SECURITY AND HUMAN RIGHTS in Covid-19

 

 

 

 

 

 

 

Delta Residents protest covid-19 lockdown extension

On Wednesday 15th April, residents of Delta state met Gov. Ifeanyi Okowa’s extension of lockdown in their state with a vehement street protest, complaining of hunger and the need to earn a livelihood. There have been 4 confirmed cases of Covid19 in Delta state.  Read more

Insecurity in Lagos

Some districts in Lagos and Ogun state are struggling with the double jeopardy of the lockdowns, and security threats – mostly from armed robberies and a cult gang known as the “One Million Boys”. In response to the opportunistic crises, the Lagos State Commissioner of Police led squad of anti-robbery policemen on a show of force to some of the communities threatened by the gangs, to allay the fear residents, and arrest miscreants. The Police Commissioner also provided the following emergency numbers: 090 1051 2385, 090 1051 2286, 090 1051 2287 and 090 1051 2288. Some residents of vulnerable communities have also in response to the threats, formed themselves into vigilante groups to provide surveillance within their neighborhood.

Attack on Food Trucks

There have been at least 4 reported cases of mob attacks on food trucks and palliatives distribution centers in Lagos, Abuja and Kano states.

Palliatives Distribution

The Federal Government announced the distribution of N20, 000 each to 2.6million Nigerians within ten days in April, using an inaccessible National Social Register. Subsequently, a presidential directive ordered the expansion of the register from 2.6million to 3.6million people. Controversy have trailed the government’s unequitable and nontransparent distribution of the said sums. Nigeria’s population currently stands at 200 million people with about 86.9 Million Nigerians living in extreme poverty; and the informal sector (which is largely under lockdown), accounting for approximately 65% of the economy.

 The Minister of Humanitarian Affairs and Disaster Management, Hajiya Sadiya Farouq, on Wednesday 15th April announced that Nigerians, who recharge their mobile phones with more than N100, and have a more than N5, 000 bank balance are ineligible to benefit from the government issued palliatives.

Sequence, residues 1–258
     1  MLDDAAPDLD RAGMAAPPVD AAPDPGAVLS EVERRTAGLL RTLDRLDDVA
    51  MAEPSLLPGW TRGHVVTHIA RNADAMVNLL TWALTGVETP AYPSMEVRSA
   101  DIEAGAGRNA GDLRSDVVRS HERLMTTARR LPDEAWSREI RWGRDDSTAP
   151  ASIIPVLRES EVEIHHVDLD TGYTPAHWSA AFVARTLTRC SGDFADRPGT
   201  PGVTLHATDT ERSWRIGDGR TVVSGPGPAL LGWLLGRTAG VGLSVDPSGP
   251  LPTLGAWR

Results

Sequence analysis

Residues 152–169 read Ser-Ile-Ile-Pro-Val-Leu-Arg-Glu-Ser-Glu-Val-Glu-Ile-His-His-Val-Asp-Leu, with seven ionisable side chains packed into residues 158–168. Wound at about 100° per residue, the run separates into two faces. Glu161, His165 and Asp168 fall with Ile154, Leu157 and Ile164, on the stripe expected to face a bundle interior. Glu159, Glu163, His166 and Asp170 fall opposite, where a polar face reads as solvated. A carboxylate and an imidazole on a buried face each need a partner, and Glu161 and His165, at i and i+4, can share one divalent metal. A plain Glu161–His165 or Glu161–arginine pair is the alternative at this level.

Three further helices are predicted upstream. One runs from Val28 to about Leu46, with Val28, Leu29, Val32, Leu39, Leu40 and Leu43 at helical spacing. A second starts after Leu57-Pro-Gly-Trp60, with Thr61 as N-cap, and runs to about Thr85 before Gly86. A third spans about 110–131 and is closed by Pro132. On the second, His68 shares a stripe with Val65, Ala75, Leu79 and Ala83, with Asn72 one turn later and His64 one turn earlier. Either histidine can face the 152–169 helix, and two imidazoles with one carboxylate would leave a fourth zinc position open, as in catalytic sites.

Lagos state with a population of more than 15 million persons, stated that it had distributed food to 200,000 households. Their claim is however contested by residents who claim that food items were distributed along political party lines, and that where they were received, the quantity and quality were abysmally poor.

States have been silent on the volumes of grains they received from the Federal Government. Some governors of the South West complained about the quality of rice distributed, with Oyo state deciding to return an expired batch of 1800 bags to the Federal Government. Lagos state claimed that some of the bags are bad but that a majority was good.

Almajiri Children

There have been no thought out social protection plans for homeless, unaccompanied minors, and Almajiri children across the country. In a knee-jerk reaction, an unaccounted number of almajiri children were being “deported” back to their “states of origin” by some Northern state governors after their informal Qur’anic schools were closed. Following this trend, Northern state governors reached a decision on Tuesday 22nd April to ban the Almajiri system in the region. Kano state between the 21st and 24th of April deported 432 Almajiri children to Katsina state; 663 to Jigawa state and 198 to Kaduna State.  Similarly, Kaduna state deported 40 Almajiri children to Kebbi state.  The Kaduna state government however announced that 20 of the returnee children from Kano state had tested positive to Covid-19.

Almajiri is a system of Islamic education practiced in Northern Nigeria where young children leaves their home to live with an Islamic scholars and study quranic educations. The word Almajiri is derived from an Arabic word “al-Muhajirun” meaning a person who leaves his home in search for Islamic knowledge. According to a 2014 report by UNICEF, the Almajiris constitute 9.5 million of Nigeria’s children within the ages of 3-14.

A group of Non-Governmental Organizations (NGOs) under the auspices of Advocates for Dan Almajiri have decried the exclusion of the Almajiri children from the palliative measures rolled out by various level of governments. They noted the high vulnerability of these children who are already exposed to poor health condition, and stressed the imperative for government to provide social protection to these children in order to protect them from the pandemic.

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